Metal Cutting Process Quiz Questions

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Questions: 21 | Attempts: 787

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Metal Cutting Process Quiz Questions - Quiz


Questions and Answers
  • 1. 

    What process is illustrated in the picture below?

    • A.

      Milling Machining

    • B.

      Lathe Machining

    • C.

      Grinding

    • D.

      Wire Cutting

    • E.

      None of the above

    Correct Answer
    A. Milling Machining
    Explanation
    The process illustrated in the picture is milling machining. This can be inferred from the image, which shows a machine with a rotating cutter that is removing material from a workpiece. Milling machining involves the use of a cutting tool to remove material from the surface of a workpiece, creating complex shapes and contours. This process is commonly used in manufacturing and metalworking industries.

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  • 2. 

    What is the process illustrated in the figure below?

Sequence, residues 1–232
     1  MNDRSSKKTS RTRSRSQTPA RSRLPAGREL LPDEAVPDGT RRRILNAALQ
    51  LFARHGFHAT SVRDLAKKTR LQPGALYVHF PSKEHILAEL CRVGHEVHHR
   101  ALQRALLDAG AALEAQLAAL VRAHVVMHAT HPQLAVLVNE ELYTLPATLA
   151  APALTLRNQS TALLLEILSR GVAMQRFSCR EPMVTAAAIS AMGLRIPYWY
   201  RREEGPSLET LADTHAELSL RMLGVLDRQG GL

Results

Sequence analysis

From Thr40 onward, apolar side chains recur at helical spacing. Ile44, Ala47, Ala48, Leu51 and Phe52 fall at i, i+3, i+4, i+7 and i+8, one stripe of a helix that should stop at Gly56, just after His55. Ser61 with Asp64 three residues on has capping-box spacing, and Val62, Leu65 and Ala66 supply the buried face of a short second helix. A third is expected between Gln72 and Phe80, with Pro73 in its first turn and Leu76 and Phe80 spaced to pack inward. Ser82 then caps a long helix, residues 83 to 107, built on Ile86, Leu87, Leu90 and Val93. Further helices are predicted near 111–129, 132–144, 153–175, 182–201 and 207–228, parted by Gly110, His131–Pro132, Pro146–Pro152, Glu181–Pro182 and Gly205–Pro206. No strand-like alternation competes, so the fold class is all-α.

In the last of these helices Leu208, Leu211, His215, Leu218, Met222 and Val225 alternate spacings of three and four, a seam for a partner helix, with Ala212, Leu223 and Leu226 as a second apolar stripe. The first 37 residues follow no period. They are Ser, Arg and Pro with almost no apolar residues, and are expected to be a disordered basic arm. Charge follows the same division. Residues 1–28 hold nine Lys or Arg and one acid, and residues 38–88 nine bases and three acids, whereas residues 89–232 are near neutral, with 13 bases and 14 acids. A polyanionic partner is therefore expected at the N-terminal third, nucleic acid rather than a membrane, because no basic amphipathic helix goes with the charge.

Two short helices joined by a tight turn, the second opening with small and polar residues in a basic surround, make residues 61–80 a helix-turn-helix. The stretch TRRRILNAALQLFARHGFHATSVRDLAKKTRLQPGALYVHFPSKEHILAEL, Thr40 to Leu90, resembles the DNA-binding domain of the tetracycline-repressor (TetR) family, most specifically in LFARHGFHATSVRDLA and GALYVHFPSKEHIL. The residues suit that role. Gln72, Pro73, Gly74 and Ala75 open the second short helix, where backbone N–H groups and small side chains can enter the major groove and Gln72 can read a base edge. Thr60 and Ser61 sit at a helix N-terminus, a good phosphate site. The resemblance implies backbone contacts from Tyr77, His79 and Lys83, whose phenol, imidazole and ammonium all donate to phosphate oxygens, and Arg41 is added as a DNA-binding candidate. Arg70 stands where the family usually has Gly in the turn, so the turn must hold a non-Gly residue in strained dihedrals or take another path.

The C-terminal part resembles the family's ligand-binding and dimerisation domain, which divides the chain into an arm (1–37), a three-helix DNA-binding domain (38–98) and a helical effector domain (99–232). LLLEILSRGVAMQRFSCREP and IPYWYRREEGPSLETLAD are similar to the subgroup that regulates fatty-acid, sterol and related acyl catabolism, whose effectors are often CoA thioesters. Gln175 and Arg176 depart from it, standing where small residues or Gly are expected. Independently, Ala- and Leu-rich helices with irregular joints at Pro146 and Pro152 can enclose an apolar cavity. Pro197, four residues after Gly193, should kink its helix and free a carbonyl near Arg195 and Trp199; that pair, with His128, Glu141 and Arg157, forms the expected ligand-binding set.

• A.

      Milling Machining

    • B.

      Lathe Machining

    • C.

      Grinding

    • D.

      Wire Cutting

    • E.

      None of the Above

    Correct Answer
    C. Grinding
    Explanation
    The process illustrated in the figure is grinding. Grinding is a machining process that uses an abrasive wheel or belt to remove material from a workpiece. It is commonly used for finishing operations, such as achieving a smooth surface finish or precise dimensions. In grinding, the workpiece is held in place while the grinding wheel rotates and removes material by abrasion. This process is often used for shaping hard materials or for sharpening tools.

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  • 3. 

    What process is illustrated in the figure below?

    • A.

      Slab Milling

    • B.

      Straight Turning

    • C.

      Cutting Off

    • D.

      End Milling

    • E.

      None of the Above

    Correct Answer
    B. Straight Turning
    Explanation